Migration, populism and polarisation, fact checking does not work

16-07-2019

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In covering a hot topic such as migration, a data-driven approach elicits a strong pushback from haters and conspiracy lovers.

Is it possible for a newsroom to cover hot societal issues in a way that promotes civil engagement and a constructive debate? Which types of journalism intensify polarisation, and which reduce it? That’s not an easy question. In a time when trust in media declines, and populist politicians push forward with inaccurate and provocative narratives to deliberately toxify public discourse, journalists need to be more careful about the potential impact of their own contents.

Take a highly controversial topic as migration. Although the numbers of migrants arriving in Italy dropped drastically during 2018, media coverage about the subject increased, reporting it as a permanent crisis. Since the establishment of Conte Cabinet in June 2018, the Minister of the Interior Matteo Salvini has been keeping the issue at the top of the political agenda through controversial policies and statements, playing on a continuous sense of danger, threat and fear.

As contents about migration tend to get more attention and engagement than other topics, in 2018 Ca’ Foscari University of Venice worked with the Italian newspaper Corriere della Sera and the London School of Economics on a very interesting research project, resulting in a recently published paper titled “Journalism in the age of populism and polarization”.

They analysed all migration-related posts on Corriere della Sera Facebook page from 1 January 2017 to 31 December 2018, including reactions and public comments, and all the tweets made between March 2018 and December 2018 on the official Twitter account of the newspaper. An additional dataset of 165 Facebook posts was considered, examining migration-related stories specifically prepared by the editorial team to test audience feedback to peculiar contents or narrative techniques.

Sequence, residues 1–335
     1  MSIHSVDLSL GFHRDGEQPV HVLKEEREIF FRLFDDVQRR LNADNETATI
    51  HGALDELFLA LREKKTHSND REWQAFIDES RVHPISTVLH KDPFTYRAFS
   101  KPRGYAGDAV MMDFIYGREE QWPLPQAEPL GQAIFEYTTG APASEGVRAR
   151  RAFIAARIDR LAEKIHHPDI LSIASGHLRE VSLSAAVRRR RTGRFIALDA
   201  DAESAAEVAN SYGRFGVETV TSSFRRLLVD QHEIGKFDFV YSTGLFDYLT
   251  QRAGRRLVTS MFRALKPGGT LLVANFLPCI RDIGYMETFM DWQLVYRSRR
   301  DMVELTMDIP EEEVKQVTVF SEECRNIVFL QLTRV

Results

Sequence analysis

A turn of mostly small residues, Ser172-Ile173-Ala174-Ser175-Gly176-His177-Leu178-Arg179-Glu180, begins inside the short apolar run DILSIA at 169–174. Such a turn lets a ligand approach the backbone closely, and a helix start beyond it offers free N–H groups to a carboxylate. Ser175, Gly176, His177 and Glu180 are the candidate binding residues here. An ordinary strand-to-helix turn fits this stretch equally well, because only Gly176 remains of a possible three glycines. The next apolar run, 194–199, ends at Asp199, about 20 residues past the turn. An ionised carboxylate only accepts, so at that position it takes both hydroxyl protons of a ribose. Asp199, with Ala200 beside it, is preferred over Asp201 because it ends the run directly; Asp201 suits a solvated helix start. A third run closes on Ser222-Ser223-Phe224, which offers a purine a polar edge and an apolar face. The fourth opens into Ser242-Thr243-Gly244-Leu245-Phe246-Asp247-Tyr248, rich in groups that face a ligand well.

The research tracked interest and engagement both from a quantitative and qualitative perspective, comparing the sentiment of articles and comments, and measuring the levels of toxic speech (that means vulgar, aggressive, rude, disrespectful or unreasonable language) and the criticism towards Corriere della Sera and its journalists.

Findings confirm that fact checking does not work. When leveraging infographics or a data-driven approach, researchers observed a strong pushback from audiences who did not agree with the content, as well as a strong criticism of the media itself. Strong opinions and policy prescriptions inevitably provoked toxic debates, but human-interest stories – often used to personalize and build empathy – were controversial too. These stories, and especially those about groups of migrants rather than individuals, happened to encourage strong negative comments and high levels of criticism of media.

Not surprisingly, impartial and accurate reporting drew the least amount of criticism of the media, while providing context information or proposals for policy solutions elicited fewer toxic comments. Including visual elements like photos and videos proved to be particularly effective, perhaps because it qualified the content as harder to refute.

Full paper is available here.